c:\systeminfo /S < ipaddress> /U domain\username /P password | find /i “install date”

the result on our only windows 2000 server was:

Original Install Date:     3/15/2004, 16:08:36

OFF TOPIC – CAT5 trash

April 27, 2010 1 comment

Kasey McMahon cleaned her networking closet and found an interesting use for her CAT5 leftovers…

ONT – PASS! CCNP Completed!!!

April 26, 2010 14 comments

Yes. The day has come and I’m so relieved. I’ve completed my ONT exam an hour ago and achieved my goal to become CCNP.

This time I had some bad karma leading to exam day. It started with an unbelievable ear pressure pain over the weekend which made me miserable and continued into this morning when I walked into my cubical to discover the BSoD on a Domain Controller. Scheduled for an 11am exam I had few hours to fix and monitor the server but being the only IT guy around here it made me nervous when I had to step out of the office.

Due to the rain and the problem I also skipped my traditional pre-exam coffee and when I called my Wifi few minutes before the exam I told her that I have a really bad felling. The last reason that made me nervous is Aaron‘s repeated scares about the wireless part of the exam. I did not know what to expect as he warned me about the wireless commands…

Back to the point. The exam was easy, the easiest of all 4. It had trivial questions that checked your study notes and memory but did not challenge your understanding. Since the labs did not require any configuration the scenarios where limited and not complex. It is true what they say: leave ONT to the end because it is the easiest of them all (and I now know why Cisco removed it from the CCNP track).

I’m taking few days off to relax and prepare for my 42 mile ride this weekend.

I want to thank all of you for your support during the last few month, your comments and personal emails pushed me forward and helped me get to this point!

Dilbert on wireless network

April 24, 2010 Leave a comment

Semi OFF-TOPIC but within the ONT exam topics. on building a wireless network:

Now the exam looks much easier 😀


April 23, 2010 2 comments

I mentioned both WLSE and WCS in my ONT – Wireless introduction post but I spent some time reading and running a demo lab (to be exact – play with the screens on a production environment) and feel they deserve a more detailed post. I do not know how much emphasis the exam put on either topics but if anyone plan on CCNP Wireless or even CCNA Wireless, this post will be handy.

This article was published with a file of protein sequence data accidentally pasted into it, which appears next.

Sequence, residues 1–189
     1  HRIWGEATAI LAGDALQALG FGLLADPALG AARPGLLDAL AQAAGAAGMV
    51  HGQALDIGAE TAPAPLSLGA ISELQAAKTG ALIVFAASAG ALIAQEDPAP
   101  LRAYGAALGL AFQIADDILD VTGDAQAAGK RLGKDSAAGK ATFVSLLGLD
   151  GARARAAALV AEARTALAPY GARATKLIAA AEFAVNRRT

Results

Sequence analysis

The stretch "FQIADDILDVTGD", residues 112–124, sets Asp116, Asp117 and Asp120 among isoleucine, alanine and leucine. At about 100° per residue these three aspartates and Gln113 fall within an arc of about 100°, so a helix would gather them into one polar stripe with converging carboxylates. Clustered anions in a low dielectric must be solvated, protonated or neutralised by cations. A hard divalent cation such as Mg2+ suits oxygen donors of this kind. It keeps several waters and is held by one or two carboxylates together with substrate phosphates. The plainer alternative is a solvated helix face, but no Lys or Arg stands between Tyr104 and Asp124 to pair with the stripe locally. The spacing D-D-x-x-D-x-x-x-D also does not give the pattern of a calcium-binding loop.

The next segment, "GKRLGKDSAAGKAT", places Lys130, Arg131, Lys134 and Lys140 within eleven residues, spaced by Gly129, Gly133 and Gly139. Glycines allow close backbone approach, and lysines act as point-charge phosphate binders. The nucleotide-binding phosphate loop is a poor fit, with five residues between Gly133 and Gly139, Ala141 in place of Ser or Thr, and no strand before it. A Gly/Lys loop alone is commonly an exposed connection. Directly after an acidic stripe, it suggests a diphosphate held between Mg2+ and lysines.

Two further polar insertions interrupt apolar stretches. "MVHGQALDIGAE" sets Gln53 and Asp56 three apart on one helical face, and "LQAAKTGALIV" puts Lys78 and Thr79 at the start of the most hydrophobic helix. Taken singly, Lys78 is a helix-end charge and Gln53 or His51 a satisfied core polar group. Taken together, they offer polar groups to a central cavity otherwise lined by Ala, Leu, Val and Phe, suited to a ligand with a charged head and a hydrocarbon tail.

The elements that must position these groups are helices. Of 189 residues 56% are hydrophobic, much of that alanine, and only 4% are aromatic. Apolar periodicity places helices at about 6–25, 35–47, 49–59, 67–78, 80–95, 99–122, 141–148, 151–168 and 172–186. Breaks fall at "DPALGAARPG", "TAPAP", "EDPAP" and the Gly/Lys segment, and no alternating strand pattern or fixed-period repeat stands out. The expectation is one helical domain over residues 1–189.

WLSE, Wireless LAN Solution Engine works with autonomous WAPs. It provides centralized configuration and reporting capabilities which makes the network “self-handling” and support up to 2500 Access Points. These are some of the features included in WLSE:

  • Reduces deployment and operating expenses
  • Simplifies daily operation and management of autonomous Cisco Aironet WLANs
  • Enhances network security:
    Detects, locates, and mitigates rogue access points and unauthorized ad-hoc networks
    Make sure the consistent application of security policies
  • Improves WLAN performance and availability:
    Detects RF interference
    Optimizes radio coverage and settings
    Monitors performance and faults
  • Saves time and resources:
    Automating the configuration of Cisco Aironet access points and bridges
    Assisted site survey to determine optimal antenna selection and access point settings such as transmit power and channel selection

How does the fancy Cisco wording translate into action? WLSE provide the following capabilities:

  • When an AP failure is detected, WLSE can automatically increase the power and coverage of other APs in the area. Doing so it is reducing the possible outage to a minimum.
  • Auto shutdown of rogue APs though dangerously affecting availability, provide a powerful automatic security mechanism.
  • Centralized management capabilities are essential in the modern network.
    Centralized management also allow auto-configuration of new APs, firmware upgrades and radio management.

WCS, Wireless Control System works with lightweight WAPs.
These are the main features of WCS:

  • Significantly reduces operational costs with built-in tools, guides, and templates
  • Improves IT efficiency through an intuitive GUI and flexible ease of use
  • Minimizes IT staffing requirements through centralized operational control
  • Easily scales to meet the needs of wireless LANs across locations

How does the fancy Cisco wording translate into action? WCS provide the following benefits:

  • The software can run on Windows or Red Hat servers
  • Using SNMP to communicate with the controllers
  • Provide centralized management for Lightweight APs
  • Tracking up to 1500 devices when integrated with Location Appliance (configured via Location menu option on WCS management screen)
  • On-demand location of rogue APs – up to 10 meters range
  • Using four QoS level profiles: Platinum, Gold, Silver, Bronze

This is a good (56 min long) instructional video on WCS:

If you survived this long post, check this (short) funny Cisco instructional video: